A top official at the Russian Foreign Ministry said that US and allied commercial satellites could become legitimate targets for Russia if they are involved in the war in Ukraine.
Russia, which in 1957 launched Sputnik 1, the first man-made satellite, into space and in 1961 put the first man into outer space, has significant offensive space capabilities — as do the United States and China. In 2021, Russia launched an anti-satellite missile to destroy one of its own satellites.
Konstantin Vorontsov, deputy director of the Russian Foreign Ministry’s non-proliferation and arms control department, told the United Nations that the United States and its allies were trying to use space to impose Western rule.
Vorontsov said the use of Western satellites to help the Ukrainian war effort was “an extremely dangerous trend”.
“The quasi-civilian infrastructure could be a legitimate target for a retaliatory attack,” Vorontsov told the United Nations First Committee, adding that the West’s use of such satellites to support Ukraine was “provocative”.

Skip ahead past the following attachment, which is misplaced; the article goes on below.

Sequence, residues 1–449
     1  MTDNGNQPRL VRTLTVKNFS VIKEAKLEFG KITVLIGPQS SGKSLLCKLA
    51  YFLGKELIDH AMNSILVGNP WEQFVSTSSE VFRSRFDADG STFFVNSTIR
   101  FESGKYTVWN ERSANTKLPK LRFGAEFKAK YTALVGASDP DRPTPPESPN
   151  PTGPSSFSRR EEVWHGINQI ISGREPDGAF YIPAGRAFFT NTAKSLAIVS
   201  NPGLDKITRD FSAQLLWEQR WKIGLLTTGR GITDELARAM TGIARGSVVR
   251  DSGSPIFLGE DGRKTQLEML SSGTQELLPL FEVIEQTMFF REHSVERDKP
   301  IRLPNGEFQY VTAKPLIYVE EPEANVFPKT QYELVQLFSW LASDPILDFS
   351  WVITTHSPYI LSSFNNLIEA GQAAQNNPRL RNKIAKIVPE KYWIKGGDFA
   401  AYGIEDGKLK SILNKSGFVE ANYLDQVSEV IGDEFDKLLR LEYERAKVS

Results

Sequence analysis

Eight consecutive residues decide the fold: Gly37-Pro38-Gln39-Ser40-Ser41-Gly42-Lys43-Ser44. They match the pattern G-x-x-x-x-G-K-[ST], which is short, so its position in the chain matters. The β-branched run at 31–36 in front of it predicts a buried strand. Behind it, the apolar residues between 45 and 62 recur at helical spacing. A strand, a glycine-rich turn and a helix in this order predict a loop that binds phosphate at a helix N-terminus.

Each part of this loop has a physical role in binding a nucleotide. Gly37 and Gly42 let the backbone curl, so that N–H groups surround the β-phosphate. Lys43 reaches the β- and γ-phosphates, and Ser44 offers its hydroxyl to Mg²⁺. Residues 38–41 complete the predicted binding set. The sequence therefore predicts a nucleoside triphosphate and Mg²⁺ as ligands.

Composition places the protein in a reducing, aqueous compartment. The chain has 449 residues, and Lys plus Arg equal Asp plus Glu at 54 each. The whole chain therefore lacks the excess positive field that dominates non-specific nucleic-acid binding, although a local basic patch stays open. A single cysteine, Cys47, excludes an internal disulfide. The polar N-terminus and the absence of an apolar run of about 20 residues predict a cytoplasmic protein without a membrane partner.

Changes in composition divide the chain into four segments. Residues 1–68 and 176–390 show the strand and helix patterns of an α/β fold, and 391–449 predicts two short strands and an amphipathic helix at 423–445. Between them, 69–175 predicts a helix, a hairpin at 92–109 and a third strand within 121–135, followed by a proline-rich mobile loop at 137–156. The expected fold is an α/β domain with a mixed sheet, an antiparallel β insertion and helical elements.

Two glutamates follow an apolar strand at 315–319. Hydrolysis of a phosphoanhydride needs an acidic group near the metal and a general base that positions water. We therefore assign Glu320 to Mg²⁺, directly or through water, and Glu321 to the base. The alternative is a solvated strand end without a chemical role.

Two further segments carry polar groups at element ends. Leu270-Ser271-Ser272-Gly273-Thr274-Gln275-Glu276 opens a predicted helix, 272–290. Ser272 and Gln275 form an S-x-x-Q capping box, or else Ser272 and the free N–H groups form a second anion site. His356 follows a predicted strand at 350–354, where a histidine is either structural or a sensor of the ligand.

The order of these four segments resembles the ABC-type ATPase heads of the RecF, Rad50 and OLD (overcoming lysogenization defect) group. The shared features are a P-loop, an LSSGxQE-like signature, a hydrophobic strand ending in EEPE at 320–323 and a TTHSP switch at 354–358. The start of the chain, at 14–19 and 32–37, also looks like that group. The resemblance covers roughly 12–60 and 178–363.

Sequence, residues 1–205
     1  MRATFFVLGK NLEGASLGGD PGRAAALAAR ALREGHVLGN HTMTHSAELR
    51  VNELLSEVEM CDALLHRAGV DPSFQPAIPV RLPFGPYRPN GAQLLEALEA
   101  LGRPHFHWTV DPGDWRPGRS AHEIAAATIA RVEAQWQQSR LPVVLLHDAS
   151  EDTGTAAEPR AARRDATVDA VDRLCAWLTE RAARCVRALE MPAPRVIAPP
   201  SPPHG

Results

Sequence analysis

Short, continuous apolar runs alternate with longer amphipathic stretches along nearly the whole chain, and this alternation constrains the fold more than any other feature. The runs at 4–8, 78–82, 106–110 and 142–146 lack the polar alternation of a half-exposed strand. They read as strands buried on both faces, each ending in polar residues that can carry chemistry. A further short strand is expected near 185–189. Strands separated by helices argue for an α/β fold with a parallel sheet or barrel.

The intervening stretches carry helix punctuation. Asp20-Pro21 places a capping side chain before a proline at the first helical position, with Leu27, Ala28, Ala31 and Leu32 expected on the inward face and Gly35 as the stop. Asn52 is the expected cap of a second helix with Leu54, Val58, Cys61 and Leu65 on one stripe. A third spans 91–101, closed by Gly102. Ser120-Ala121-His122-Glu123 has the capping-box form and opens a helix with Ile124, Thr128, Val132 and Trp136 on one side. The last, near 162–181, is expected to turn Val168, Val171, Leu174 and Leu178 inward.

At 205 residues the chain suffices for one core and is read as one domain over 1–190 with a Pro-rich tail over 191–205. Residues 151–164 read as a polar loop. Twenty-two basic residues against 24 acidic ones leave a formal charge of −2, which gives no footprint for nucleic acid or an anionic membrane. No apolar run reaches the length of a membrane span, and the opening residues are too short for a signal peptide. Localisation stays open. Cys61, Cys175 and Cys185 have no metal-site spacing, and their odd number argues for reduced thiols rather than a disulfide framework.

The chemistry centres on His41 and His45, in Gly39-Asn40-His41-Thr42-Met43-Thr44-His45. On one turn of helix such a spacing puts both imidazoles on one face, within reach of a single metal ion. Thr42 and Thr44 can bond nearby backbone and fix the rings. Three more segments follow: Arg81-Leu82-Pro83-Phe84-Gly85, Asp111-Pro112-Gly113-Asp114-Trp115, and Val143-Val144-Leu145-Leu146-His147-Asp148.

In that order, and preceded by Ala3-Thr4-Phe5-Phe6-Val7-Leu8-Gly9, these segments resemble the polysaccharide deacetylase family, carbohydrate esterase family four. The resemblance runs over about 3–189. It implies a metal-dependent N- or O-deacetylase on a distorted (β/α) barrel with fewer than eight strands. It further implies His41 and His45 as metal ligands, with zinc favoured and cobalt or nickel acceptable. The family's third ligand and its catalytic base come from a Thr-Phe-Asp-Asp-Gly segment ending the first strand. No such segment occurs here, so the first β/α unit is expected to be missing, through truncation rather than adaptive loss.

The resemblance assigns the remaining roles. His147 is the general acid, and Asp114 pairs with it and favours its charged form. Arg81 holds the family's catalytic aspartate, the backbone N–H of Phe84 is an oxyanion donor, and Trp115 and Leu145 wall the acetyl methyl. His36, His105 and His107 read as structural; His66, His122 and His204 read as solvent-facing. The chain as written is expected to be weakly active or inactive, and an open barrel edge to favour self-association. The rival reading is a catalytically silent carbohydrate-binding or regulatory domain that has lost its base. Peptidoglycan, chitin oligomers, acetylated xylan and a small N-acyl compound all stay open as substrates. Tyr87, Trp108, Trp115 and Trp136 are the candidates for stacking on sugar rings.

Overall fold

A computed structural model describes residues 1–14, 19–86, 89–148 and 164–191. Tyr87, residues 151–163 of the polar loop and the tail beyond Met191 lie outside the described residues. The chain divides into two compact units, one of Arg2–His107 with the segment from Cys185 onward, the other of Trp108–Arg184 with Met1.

“We’re talking about the involvement of components of civil space infrastructure, including commercial ones, by the United States and its allies in armed conflict,” Vorontsov said.
He didn’t mention any specific satellite companies, though Elon Musk said earlier this month that his rocket company SpaceX would continue to fund its Starlink internet service in Ukraine, citing the need for “good deeds”.
The war in Ukraine has killed tens of thousands, crippled the post-Covid-19 global economic recovery and triggered the most serious confrontation with the West since the 1962 Cuban Missile Crisis.